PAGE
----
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Misconduct and serious misconduct

“Misconduct” means some form of wrongdoing. Usually it will involve deliberate wrongdoing, but there may be circumstances where an employee acts so carelessly that it amounts to serious misconduct (i.e. gross negligence or recklessness).

“Serious misconduct” involves serious wrongdoing. Where, after a fair process, it is established that an employee’s actions amount to serious misconduct, an employer may terminate the employee’s employment without notice (sometimes referred to as “instant” or “summary” dismissal). The misconduct must be sufficiently serious that it undermines the trust and confidence that the employer has in the employee (e.g. theft, sexual or other assault, or the use of illegal drugs at work).

Sometimes employment agreements list conduct that the agreement says amounts to “serious misconduct”. If an employee engages in misconduct that is listed, that doesn’t necessarily mean that serious misconduct has automatically occurred. In every case the employer must consider all the facts and the employee’s response before it decides whether serious misconduct has occurred. When this is done, what looked like serious misconduct may not be so serious after all.

Also note that minor misconduct cannot become serious misconduct just because it is on the serious misconduct list.


The purpose of any disciplinary action is to prevent reoccurrence of the inappropriate behaviour/misconduct. The emphasis should be on the corrective action required to change the employee’s conduct and giving the employee a reasonable opportunity to do so, not on punishing the employee.

An employer should generally take the following steps when considering disciplinary action for possible misconduct or serious misconduct.  The employee should also know their rights and obligations in this process.

Both sides are required throughout the process to cooperate with each other, to answer questions honestly and openly, and to act in a respectful and sensible way. The employee has the right to have a representative present to speak on his or her behalf.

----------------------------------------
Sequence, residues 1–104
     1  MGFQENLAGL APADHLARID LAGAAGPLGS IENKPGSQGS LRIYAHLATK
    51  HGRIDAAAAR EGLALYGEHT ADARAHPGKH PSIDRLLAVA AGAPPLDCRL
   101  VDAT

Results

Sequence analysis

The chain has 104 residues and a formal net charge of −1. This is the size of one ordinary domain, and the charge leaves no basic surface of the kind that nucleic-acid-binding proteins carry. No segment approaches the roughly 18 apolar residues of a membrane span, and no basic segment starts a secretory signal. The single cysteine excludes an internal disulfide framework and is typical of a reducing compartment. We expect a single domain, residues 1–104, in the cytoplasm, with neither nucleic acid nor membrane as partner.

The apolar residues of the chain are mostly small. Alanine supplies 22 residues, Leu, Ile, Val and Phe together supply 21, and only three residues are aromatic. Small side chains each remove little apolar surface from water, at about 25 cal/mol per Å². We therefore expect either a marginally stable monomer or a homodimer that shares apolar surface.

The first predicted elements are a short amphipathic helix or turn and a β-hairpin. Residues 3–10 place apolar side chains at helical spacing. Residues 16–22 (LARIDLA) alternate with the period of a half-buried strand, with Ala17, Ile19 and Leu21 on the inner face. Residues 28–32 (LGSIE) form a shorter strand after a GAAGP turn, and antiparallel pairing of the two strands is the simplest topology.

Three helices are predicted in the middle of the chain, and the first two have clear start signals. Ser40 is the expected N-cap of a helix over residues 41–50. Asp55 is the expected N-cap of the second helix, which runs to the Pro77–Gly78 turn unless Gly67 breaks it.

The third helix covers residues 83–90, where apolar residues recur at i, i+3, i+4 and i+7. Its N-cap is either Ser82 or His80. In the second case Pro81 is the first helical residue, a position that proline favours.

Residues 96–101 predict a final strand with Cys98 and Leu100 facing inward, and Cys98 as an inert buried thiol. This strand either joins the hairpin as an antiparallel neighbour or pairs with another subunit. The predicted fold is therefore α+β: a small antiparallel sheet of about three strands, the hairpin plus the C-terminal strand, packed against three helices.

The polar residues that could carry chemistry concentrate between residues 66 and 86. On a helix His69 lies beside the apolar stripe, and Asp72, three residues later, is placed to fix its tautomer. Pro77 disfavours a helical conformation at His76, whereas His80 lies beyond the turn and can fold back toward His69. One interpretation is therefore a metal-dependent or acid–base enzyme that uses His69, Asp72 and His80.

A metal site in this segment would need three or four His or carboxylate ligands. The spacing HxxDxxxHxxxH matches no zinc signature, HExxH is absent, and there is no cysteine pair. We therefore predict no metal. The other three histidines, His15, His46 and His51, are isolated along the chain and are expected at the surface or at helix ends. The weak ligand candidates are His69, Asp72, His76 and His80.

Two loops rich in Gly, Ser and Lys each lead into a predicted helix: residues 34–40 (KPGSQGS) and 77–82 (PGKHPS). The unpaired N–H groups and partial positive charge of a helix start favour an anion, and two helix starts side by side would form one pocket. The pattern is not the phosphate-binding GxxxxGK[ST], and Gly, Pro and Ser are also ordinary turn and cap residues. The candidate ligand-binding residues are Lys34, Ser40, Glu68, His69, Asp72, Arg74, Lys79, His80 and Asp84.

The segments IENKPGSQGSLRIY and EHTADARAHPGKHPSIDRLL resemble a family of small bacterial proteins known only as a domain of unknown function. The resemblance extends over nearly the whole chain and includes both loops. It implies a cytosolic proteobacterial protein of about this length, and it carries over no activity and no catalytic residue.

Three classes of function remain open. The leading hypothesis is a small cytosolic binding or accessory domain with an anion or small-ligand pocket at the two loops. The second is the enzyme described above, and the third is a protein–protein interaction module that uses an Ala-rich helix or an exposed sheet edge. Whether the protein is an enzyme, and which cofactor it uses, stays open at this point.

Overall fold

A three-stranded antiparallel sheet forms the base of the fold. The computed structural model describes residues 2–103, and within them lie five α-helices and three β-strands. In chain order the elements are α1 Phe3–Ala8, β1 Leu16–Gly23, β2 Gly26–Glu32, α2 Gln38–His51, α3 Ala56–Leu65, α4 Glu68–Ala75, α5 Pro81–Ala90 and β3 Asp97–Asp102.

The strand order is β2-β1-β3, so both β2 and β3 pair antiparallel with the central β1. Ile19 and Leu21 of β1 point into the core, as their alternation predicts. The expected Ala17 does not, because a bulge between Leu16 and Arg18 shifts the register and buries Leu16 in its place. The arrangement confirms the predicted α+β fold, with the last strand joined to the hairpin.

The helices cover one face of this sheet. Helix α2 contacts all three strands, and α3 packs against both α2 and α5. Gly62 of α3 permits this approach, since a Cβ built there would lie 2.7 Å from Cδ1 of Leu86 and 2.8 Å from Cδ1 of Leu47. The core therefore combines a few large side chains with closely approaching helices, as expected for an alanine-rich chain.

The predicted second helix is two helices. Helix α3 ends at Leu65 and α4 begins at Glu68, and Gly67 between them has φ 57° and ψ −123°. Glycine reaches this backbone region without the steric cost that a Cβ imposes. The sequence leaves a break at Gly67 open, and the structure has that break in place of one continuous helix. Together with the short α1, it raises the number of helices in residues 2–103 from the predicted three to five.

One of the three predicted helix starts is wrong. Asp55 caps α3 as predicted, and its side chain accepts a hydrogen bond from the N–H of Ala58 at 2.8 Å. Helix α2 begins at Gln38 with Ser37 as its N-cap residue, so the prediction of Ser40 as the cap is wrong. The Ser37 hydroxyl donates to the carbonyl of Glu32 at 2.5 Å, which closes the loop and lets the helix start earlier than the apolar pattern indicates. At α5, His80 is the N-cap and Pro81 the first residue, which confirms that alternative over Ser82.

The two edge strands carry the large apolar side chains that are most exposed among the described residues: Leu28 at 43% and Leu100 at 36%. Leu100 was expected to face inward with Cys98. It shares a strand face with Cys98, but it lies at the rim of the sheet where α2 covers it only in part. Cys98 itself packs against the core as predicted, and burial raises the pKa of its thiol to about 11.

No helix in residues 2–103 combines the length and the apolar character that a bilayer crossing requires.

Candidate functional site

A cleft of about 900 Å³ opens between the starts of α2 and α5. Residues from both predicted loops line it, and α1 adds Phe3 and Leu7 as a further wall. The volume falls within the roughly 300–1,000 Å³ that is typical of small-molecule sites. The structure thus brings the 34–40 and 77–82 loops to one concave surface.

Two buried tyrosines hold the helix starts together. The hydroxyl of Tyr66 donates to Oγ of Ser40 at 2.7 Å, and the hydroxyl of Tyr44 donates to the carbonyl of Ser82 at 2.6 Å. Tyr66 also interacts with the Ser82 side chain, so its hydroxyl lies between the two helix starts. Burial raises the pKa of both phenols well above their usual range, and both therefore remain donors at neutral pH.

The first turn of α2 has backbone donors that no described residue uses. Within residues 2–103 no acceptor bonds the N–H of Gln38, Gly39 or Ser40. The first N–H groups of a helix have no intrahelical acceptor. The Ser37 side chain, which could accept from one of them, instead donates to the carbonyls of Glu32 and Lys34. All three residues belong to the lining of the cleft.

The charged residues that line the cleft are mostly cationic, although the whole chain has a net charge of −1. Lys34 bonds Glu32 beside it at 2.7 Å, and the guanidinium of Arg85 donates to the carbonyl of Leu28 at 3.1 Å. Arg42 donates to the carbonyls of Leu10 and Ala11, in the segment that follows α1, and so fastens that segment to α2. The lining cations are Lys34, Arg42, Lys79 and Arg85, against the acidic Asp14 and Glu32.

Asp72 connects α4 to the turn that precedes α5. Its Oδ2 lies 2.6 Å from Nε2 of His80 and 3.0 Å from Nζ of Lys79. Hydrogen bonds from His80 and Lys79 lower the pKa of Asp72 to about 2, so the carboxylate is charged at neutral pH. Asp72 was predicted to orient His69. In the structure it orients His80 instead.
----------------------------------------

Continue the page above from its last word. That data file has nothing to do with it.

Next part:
A disciplinary investigation is not a criminal prosecution – the employer does not need to prove that misconduct occurred ‘beyond all reasonable doubt’. However, to discipline an employee for misconduct, the employer needs to be convinced that the misconduct occurred, and there needs to be reasonable grounds to support that. The more serious the misconduct (e.g. theft, sexual assault), or the more serious the possible consequences are for the employee (e.g. final warning, dismissal), the stronger the employer’s supporting information and reasoning needs to be before action is taken.


In particularly serious cases, an employer might be entitled to suspend an employee during the disciplinary process. Generally, there is no right to suspend unless the employment agreement provides for suspension. However, employers can sometimes suspend employees when investigating very serious cases if there is good reason (e.g. alleged theft resulting in a need to ensure the accounts are not interfered with during the investigation; or alleged sexual assault resulting in the need to protect the employee who may have been sexually assaulted).

The employer must also follow a fair process before deciding to suspend the employee. The employee should be given an opportunity to comment on the proposed suspension, and the reasons why the employer thinks suspension is appropriate. Again, the employer must consider the employee’s comments with an open mind.


In circumstances where the misconduct is not serious, or where the employer otherwise decides not to dismiss, the employer may decide to give the employee a warning.

The employment agreement may stipulate whether written or verbal warnings are required. The type of warning required may be different at different stages of the process. The warning must include information making it clear what the misconduct is and the consequences of further misconduct. A final warning should be in writing, unless there is a different process in the employment agreement.

If an employee has had warnings previously, the employer might be able to dismiss the employee or might give a further or final warning. However, a previous warning or warnings do not always justify dismissal or a final warning – generally speaking, a warning for one type of conduct cannot be relied upon when dealing with another type of misconduct and, if a warning is too old, it may be unfair for an employer to rely on it.